Holocaust Cantata
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Unique release with a strong emotional drawn for all listeners.

It is well-known that during the Holocaust inmates wrote music while incarcerated in concentration camps. What about the music that was composed by the common man in these camps? Music embraced by the whole community and passed secretly by aural transmission - music that carried with it powerful words revealing different aspects of camp life, or expressing the inmates' innermost feelings, of mourning, resistance, or patriotism? Was there another Holocaust music from the one we are more familiar with today? Was there a music that spoke with startling immediacy to express the agony of the victims of the Nazi regime? It was this question that first led Donald McCullough on a year-long journey through one of the cruelest chapters of the 20th century. His quest, to extract from the mammoth archives of the United States Holocaust Museum, the material that formed the basis of the Holocaust Cantata , was, like all difficult endeavors, marked with equal amounts of intuition and good luck. The result is the music heard on this disc.
Contents:
Michael Horvit, composer
Even When God is Silent
Master Chorale of Washington Chamber Singers, Donald McCullough, conductor

Michael Horvit, composer
A Child's Mystery
Master Chorale of Washington Chamber Singers, Donald McCullough, conductor

Szymon Laks, composer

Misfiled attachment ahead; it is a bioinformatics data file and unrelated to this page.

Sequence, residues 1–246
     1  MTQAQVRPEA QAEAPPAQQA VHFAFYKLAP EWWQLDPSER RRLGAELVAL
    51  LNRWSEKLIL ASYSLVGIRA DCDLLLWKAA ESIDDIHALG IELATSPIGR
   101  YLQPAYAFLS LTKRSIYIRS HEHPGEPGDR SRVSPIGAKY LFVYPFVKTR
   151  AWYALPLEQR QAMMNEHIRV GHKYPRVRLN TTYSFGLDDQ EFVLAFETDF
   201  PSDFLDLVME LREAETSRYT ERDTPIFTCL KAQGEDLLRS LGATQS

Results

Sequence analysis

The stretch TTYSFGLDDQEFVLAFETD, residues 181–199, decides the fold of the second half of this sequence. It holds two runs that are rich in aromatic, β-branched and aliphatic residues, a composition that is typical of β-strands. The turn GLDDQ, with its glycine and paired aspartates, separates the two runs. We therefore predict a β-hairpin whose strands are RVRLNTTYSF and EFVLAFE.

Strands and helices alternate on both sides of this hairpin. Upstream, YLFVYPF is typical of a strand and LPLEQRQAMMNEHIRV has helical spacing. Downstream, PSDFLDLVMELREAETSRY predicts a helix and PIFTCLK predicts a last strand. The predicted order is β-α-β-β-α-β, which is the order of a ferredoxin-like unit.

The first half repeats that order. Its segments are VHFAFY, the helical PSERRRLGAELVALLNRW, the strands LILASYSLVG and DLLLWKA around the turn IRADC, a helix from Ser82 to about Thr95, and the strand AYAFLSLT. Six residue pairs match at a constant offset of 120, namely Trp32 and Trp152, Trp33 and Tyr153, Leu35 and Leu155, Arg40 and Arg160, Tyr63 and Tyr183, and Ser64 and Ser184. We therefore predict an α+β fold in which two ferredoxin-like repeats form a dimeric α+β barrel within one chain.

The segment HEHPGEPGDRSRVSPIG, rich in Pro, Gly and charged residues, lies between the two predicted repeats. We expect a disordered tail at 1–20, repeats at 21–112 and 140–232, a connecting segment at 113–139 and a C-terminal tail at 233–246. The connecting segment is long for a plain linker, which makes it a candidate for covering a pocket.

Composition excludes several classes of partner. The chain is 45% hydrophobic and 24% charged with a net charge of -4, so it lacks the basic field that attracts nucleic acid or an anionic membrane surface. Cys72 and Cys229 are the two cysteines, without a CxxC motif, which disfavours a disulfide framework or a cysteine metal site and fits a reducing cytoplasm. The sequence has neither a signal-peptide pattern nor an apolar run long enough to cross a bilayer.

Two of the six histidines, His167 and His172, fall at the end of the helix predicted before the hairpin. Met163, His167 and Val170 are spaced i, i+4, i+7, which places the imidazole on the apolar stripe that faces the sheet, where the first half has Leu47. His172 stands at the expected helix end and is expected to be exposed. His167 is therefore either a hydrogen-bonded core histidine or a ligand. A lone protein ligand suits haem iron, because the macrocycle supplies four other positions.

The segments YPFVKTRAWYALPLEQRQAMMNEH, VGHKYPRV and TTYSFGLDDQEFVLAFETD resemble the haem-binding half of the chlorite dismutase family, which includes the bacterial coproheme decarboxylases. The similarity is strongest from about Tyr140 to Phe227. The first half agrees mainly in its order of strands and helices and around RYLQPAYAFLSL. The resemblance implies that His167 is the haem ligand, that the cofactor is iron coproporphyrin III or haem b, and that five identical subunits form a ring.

Passacaille for Cello and Piano
Miriam Bolkosky, cello, Robert Lamar Sims, piano

Donald McCullough, composer
The Holocaust Cantata
Master Chorale of Washington Chamber Singers, Donald McCullough, conductor

Donald McCullough, composer
Is Not A Flower a Mystery?
Master Chorale of Washington Chamber Singers, Donald McCullough, conductor

Donald McCullough, composer
We Remember Them
Master Chorale of Washington Chamber Singers, Donald McCullough, conductor

Review:
"There is no shortage of musical works inspired by the savagery of Adolf Hitler's Germany, but, even among the many, this remarkable cantata stands out. It is special because for the most part the victims are allowed to speak for themselves via their own music. Donald McCullough, director of Washington DC's Master Chorale, crafted the piece after immersing himself in the Aleksander Kulisiewicz Collection at the US Holocaust Museum. Imprisoned for antifascist activities in Poland, Mr. Kulisiewicz spent the war at the Sachsenhausen camp near Berlin where, the informative notes tell us, "he took on the role of camp troubadour, performing his own songs and those of his fellow prisoners." After the War, he crisscrossed the former Reich compiling music that had been composed by inmates of the camps. McCullough had several compositions from the Kulisiewicz Collection translated (with reverence) into English and proceeded to set them for chorus, occasional soloists, cello and piano. His arrangements, interspersed with writings by those forced to endure the unendurable make for a gripping commentary on the resilience of gentle souls caught in the vortex of human depravity at its worst. The songs, as you'd expect, are heart-rendering in their simplicity and their sadness....I pray with all my heart that the nobility of Donald McCullough's work has brought a measure of rest to Kulisiewicz's eternal soul." (American Record Guide)
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